Weekend Binge: Liked The Post? Then you’ll love these top 5 underrated Steven Spielberg movies
In honour of The Post, here are the 5 most underrated Steven Spielberg movies.
Every week, we will curate a collection of titles - movies, TV, general miscellanea - for you to watch (and in some cases, read, or listen to), in a series we call Weekend Binge. The selection will be based on a theme which binds the picks - which could be extremely blunt in certain instances, or confusingly abstract in some. No rules apply, other than the end goal being getting some great entertainment to watch.
While the idea is to base the theme on the week’s major events - it could be the release of a new movie, or show - we could also use this opportunity to comment on our world in general, and turn to art to wrap our heads around some of the more difficult stories of the past seven days.
Is there any other filmmaker who is as celebrated, and yet as disrespected as Steven Spielberg? Each time a new Spielberg movie comes out, it is as if everyone is suddenly reminded how great he is - how great he has always been - and still, mere weeks later, he sort of fades away.
Perhaps it is because of his staunchly mainstream roots, or maybe it’s the shameless sentimentality of his films, and the fact that he has never really made a stinker (no, not even Hook). The truth is: We’ve become complacent in our relationship with Steven Spielberg; thanks to all the blockbusters and broken records, we’ve got used to accepting the greatness he (with unnerving consistency) throws our way. But that’s the thing, he’s so much more than that. For someone who made his debut in the schlockhouse of Roger Corman, how could his credentials ever be doubted?
So in honour of this week’s The Post, here are the 5 most underrated Steven Spielberg movies -- compiled under the assumption that Minority Report, AI and Munich are, as Michael Scott would say... rated.
While Spielberg’s seminal movie about race and slavery (yup he’s made one of those too) is The Color Purple - with reason, of course - Amistad is the sort of movie that highlights the ease with which he directs large-scale action and smaller character moments, while underscoring everything, as usual, with trademark Spielbergian sentimentality.
If there’s one movie that acts as a reminder of how great Spielberg is with actors, it’s War Horse. And its protagonist isn’t even a human. Even the bit parts are played by actors such as Benedict Cumberbatch and Tom Hiddleston. When the film came out, there was an initial surge of reactions that emphatically claimed that Spielberg had made a World War I movie that was on par with his World War II movie, Saving Private Ryan. While that might not be accurate, even Spielberg’s minor work is immense.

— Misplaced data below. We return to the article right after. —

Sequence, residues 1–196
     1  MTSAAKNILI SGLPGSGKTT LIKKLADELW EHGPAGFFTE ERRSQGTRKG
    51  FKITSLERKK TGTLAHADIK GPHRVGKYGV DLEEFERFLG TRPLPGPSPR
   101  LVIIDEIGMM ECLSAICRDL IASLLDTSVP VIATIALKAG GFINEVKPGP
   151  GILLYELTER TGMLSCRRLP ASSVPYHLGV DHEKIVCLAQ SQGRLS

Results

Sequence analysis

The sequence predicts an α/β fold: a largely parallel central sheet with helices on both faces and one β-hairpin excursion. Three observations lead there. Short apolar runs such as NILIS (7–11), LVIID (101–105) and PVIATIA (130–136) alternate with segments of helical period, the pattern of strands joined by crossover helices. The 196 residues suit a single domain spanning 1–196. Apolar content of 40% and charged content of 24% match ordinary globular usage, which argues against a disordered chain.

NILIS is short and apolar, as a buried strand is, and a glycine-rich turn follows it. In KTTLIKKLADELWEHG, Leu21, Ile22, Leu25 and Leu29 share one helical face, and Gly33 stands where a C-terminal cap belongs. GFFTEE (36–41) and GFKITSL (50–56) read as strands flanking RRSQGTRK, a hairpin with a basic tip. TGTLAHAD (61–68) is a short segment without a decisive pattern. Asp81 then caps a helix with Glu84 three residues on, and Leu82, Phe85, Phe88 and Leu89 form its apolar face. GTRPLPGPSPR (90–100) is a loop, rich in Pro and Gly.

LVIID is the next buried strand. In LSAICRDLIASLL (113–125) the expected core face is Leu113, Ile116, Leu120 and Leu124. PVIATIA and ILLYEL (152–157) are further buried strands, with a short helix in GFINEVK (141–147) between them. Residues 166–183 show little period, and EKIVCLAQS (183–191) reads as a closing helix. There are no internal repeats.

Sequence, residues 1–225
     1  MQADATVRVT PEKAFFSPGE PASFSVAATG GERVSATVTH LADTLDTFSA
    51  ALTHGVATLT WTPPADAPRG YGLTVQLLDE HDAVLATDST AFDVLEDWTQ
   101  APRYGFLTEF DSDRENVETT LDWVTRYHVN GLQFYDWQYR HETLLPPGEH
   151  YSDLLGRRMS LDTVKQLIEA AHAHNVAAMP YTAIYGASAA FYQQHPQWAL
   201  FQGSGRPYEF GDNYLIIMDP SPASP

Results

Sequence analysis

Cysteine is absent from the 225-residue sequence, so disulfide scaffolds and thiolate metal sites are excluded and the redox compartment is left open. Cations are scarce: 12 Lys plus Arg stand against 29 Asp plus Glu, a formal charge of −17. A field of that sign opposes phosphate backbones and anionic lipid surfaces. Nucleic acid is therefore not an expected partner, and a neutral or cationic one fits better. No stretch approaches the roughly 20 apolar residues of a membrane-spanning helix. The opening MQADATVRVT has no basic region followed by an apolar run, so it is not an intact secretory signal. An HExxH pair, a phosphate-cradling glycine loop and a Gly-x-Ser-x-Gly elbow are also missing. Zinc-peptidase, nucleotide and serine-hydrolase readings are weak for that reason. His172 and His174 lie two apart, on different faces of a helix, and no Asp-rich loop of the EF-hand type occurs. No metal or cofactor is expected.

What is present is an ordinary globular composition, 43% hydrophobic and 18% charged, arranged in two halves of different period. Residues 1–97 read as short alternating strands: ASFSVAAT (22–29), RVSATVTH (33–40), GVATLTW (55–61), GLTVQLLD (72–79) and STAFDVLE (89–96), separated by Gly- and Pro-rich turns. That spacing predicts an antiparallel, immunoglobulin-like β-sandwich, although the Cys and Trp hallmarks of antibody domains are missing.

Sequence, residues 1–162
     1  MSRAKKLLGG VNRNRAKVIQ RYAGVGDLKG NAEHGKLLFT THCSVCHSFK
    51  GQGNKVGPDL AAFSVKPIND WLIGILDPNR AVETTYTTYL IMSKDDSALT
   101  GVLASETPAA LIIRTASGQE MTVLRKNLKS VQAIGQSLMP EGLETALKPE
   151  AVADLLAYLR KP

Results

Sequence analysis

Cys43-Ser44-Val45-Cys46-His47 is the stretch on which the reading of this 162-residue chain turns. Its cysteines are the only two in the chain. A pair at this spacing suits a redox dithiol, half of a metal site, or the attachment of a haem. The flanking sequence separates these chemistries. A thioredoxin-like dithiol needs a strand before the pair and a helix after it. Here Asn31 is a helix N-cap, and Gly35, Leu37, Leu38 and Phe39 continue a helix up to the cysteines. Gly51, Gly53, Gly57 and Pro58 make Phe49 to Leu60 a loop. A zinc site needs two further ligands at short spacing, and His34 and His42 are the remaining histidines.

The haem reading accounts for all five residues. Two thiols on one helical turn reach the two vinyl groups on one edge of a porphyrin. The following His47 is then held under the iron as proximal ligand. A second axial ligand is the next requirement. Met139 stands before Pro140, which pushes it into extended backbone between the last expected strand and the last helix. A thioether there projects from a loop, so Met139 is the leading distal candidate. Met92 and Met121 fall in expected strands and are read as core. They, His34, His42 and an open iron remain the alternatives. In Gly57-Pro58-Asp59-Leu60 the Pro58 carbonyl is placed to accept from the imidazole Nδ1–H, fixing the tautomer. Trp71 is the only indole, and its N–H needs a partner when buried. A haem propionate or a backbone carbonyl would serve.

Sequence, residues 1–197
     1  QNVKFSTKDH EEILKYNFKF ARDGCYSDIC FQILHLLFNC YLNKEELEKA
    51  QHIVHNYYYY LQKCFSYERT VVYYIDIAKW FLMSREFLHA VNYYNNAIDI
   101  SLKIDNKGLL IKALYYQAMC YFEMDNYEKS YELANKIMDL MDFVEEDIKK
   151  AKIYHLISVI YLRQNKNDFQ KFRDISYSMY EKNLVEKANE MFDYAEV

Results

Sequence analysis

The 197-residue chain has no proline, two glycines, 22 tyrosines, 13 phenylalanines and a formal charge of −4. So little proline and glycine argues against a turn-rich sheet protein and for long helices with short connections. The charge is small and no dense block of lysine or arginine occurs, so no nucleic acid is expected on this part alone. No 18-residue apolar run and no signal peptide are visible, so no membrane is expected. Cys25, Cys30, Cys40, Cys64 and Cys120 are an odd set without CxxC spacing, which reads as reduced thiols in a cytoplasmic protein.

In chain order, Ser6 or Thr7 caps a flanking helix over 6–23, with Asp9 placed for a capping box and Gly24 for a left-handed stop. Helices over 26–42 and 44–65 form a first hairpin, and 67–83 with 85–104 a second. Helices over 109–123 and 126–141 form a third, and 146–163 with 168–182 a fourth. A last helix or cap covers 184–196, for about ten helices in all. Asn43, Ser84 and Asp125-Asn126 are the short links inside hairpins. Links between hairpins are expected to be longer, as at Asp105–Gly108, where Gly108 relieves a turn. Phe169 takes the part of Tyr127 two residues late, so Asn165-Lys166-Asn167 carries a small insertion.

The Adventures of Tintin
Before he made The Post, Spielberg’s first movie about journalism - even though no sources were contacted or deadlines met - was his flamboyant adaptation of Herge’s legendary comics. The fact that it was made with motion capture gave Spielberg incredible freedom to experiment with the camera, visual effects and elaborate shots. But more than anything else, it satisfied this obsessive Tintin fan, and I can’t wait till Peter Jackson gets off his lazy butt to make that sequel.
Bridge of Spies
For my money, Bridge of Spies is a perfect movie. It boasts talent that seems like it was put together by a teenage movie geek high on contraband - A Steven Spielberg movie starring Tom Hanks and written by the Coen Brothers?! In Bridge of Spies, the legendary filmmaker manages to juggle Cold War thrills with legal drama and in Rudolf Abel, creates one of his most memorable characters ever - right up there with Indy (yup).
True, it isn’t a Spielberg movie per se, but HBO’s retrospective of the master is a great way to end things. Across 2 and a half hours, it traces his entire filmography with a loving gaze, and - albeit superficially - even his personal life.